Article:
As long as you try to keep a close relationship with them — they will verbally attack you. In their eyes, you have returned from the past to awaken all these emotional memories. They were surviving and now they feel they are under attack by their own guilt and memories. There are some things you can do.
- Read and study both Emotional Memory and Stockholm Syndrome. It’s important to understand how these situations work in your family.
- Keep your relationship with your parents at a safe distance. They may actually dread each visit from you as you might bring up a memory, a problem, or say something to threaten what they’ve already agreed to live with. Visit them on a schedule and be predictable. No “drop in” visits yet.
- Avoid discussing the past. Everyone except your husband has too much Emotional Memory. Keep in mind your husband doesn’t understand what in the heck is going on here. Make all conversations with Mom “safe” — talk about the kids, shopping, work, summer stuff, etc. Drop down to “small talk” rather than try to fix the past (which can’t be done by the way).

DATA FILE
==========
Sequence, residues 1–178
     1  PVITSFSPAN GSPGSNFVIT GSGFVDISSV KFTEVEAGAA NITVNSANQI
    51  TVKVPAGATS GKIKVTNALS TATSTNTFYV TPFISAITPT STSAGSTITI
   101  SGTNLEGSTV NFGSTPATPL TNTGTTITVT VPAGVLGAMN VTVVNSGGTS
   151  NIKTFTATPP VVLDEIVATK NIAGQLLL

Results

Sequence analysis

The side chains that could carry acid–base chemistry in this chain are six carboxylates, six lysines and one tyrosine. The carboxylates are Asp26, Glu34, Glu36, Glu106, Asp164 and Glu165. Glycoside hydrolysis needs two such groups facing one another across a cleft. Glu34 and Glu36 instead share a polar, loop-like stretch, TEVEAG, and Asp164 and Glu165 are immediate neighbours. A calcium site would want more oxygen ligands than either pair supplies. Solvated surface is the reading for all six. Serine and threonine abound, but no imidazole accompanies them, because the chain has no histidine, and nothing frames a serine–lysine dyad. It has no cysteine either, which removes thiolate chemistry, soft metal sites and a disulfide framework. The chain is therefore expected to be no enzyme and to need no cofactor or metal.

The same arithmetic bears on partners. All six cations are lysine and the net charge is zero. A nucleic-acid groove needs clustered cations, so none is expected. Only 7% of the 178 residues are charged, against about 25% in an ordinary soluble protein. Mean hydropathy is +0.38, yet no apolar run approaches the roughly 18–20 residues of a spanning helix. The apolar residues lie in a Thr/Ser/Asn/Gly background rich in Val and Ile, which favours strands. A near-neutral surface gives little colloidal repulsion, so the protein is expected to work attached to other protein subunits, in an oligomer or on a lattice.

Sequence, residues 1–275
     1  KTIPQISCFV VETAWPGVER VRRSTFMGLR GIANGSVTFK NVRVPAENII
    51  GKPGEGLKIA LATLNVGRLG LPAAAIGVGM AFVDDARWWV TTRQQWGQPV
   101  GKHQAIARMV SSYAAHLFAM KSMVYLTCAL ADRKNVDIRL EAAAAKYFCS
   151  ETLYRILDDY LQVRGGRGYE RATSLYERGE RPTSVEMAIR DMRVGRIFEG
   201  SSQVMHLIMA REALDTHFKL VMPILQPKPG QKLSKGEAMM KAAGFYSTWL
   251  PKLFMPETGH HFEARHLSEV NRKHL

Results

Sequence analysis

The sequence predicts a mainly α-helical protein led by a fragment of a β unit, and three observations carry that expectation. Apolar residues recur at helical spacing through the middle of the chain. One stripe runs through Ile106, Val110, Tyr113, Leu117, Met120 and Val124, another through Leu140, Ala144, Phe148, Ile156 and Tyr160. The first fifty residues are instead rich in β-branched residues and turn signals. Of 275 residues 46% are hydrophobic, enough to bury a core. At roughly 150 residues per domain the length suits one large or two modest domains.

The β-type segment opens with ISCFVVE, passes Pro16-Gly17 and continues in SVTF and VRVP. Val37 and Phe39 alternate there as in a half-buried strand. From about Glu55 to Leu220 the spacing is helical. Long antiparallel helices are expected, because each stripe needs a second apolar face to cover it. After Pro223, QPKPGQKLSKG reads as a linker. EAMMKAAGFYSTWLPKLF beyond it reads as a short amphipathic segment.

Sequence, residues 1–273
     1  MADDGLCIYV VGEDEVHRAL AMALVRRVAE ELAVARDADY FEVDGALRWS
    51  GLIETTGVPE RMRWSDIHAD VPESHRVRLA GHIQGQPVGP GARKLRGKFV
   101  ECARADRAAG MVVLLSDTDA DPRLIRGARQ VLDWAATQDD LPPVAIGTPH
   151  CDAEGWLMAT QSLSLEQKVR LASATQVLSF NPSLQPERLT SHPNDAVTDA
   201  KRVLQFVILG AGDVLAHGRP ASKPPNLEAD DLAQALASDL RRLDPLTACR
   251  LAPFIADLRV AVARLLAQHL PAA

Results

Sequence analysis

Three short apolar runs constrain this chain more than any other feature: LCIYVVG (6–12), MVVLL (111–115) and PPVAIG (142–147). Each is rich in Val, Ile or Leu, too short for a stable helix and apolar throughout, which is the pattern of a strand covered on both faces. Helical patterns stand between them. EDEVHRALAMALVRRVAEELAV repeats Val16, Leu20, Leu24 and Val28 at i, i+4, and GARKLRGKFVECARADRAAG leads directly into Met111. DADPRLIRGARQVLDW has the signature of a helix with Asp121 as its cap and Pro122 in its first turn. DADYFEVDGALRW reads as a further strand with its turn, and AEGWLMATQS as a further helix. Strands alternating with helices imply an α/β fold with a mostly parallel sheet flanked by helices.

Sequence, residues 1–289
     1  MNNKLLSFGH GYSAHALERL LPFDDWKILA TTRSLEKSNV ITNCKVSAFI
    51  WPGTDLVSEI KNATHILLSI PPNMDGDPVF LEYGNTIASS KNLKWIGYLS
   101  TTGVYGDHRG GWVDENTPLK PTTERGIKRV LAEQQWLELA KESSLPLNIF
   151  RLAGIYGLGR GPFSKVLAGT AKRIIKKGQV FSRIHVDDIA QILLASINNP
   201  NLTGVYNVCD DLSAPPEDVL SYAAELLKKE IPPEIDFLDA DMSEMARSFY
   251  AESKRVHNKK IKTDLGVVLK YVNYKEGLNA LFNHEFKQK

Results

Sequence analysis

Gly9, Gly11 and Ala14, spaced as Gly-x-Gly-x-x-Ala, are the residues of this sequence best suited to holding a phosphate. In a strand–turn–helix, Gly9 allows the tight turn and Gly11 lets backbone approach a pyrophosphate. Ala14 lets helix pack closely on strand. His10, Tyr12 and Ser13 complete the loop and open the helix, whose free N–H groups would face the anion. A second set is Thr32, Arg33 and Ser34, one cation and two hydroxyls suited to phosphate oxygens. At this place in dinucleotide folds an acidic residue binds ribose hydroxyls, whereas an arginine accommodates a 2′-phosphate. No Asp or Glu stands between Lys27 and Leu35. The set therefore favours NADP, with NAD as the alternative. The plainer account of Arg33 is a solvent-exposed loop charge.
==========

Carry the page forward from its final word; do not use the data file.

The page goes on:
- Don’t focus on your mother’s situation. If the relationship calms down, she’ll talk when she’s ready…but not until she’s ready.
- Remember that your stepfather is attacking you because you are a threat to him. If you move back to a safe distance and keep the conversation at small talk, the attacks and criticisms will decrease.
- You might consider counseling or even psychiatric support. You may be getting depressed or emotionally exhausted.
- Work out private signs with your husband when visiting your parents. If he notices you are getting upset — it’s his job to say something like “Honey, we promised to call Karen (example). We’d better get going”. Then leave. All those emotional episodes will not fix the situation at this time.
- Keep in mind that your husband and children don’t have your emotional memories. The kids may want to visit grandmother more — they don’t know why you get upset. Try to be understanding with them as they adjust to your need to distance yourself from your parents and your ghosts.
Hope this is helpful.
Please read our Important Disclaimer.
All clinical material on this site is peer reviewed by one or more clinical psychologists or other qualified mental health professionals. Originally published by on .on and last reviewed or updated by